In this paper, we show data from the Colorado Learning Attitudes about Science Survey that suggests that Georgetown physics majors become increasingly expert in their attitudes towards physics learning and knowing after taking a course that combines two reformed curricula, Matter and Interactions (M&I) and Tutorials in Introductory Physics (TIPs). This occurs even though the two curricula do not send a consistent epistemological message to students. We analyze interview video data of two of these students to illustrate examples of this growth. We examine video data of one of these students in a tutorial session to describe a possible mechanism that may have contributed to the growth. Finally, we compare this qualitative video data with quantitative data from the newly developed Perceptions of Physics Classes survey and discuss aggregate responses to this survey in considering the ways in which other students developed more expertlike attitudes in this course. We conclude that the attitudinal growth observed cannot be explained simply " as the result of " either M&I or of TIPs but rather find the most plausible explanation to be that the growth is an emergent phenomena produced by M&I and TIPs working together in concert with other factors.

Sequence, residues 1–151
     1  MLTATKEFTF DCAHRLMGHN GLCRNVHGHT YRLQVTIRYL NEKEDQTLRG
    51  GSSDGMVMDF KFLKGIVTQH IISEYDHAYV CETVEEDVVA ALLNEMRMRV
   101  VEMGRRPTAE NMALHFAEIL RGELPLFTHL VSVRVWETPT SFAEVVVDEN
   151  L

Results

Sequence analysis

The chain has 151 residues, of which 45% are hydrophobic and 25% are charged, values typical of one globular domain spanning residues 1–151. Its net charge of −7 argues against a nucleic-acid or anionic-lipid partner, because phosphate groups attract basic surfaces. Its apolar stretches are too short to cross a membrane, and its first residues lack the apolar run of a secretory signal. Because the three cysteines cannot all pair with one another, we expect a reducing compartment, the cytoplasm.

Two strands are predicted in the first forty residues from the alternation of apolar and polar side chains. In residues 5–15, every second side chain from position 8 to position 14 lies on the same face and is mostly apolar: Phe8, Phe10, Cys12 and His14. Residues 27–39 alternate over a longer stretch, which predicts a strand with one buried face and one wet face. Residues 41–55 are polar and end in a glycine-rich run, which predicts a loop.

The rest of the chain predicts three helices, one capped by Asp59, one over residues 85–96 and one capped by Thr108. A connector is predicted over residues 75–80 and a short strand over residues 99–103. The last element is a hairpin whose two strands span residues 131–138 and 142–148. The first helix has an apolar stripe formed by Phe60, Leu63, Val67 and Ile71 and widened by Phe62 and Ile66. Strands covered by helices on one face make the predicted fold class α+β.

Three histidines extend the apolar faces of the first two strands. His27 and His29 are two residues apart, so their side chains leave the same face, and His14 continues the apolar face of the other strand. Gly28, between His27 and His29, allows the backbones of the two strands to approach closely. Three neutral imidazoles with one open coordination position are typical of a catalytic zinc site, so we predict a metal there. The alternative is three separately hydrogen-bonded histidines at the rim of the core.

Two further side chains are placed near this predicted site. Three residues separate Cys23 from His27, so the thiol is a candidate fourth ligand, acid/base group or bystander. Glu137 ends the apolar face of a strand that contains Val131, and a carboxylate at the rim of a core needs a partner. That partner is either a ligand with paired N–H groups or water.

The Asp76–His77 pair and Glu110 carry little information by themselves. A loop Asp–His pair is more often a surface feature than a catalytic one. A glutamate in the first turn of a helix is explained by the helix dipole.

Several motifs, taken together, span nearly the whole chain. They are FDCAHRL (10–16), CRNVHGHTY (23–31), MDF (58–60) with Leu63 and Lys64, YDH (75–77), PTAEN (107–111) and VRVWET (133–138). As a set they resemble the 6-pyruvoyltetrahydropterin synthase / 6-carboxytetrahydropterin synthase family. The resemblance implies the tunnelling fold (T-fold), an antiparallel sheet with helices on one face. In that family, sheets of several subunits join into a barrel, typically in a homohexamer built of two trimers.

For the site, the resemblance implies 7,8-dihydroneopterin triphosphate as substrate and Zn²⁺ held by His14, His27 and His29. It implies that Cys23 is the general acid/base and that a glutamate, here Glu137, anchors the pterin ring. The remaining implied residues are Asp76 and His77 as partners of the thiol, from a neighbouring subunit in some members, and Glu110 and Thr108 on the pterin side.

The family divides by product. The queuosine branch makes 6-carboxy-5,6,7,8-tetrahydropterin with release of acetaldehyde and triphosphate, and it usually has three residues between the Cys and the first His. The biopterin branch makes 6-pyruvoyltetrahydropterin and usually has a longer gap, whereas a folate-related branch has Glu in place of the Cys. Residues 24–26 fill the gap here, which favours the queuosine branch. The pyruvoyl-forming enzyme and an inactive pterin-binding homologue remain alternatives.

Hull, M. M., Lindsey, B. A., Archambault, M., Davey, K., & Liu, A. Y. (2016). Unexpected attitudinal growth in a course combining reformed curricula. Physical Review Physics Education Research, 12(1). https://doi.org/10.1103/PhysRevPhysEducRes.12.010101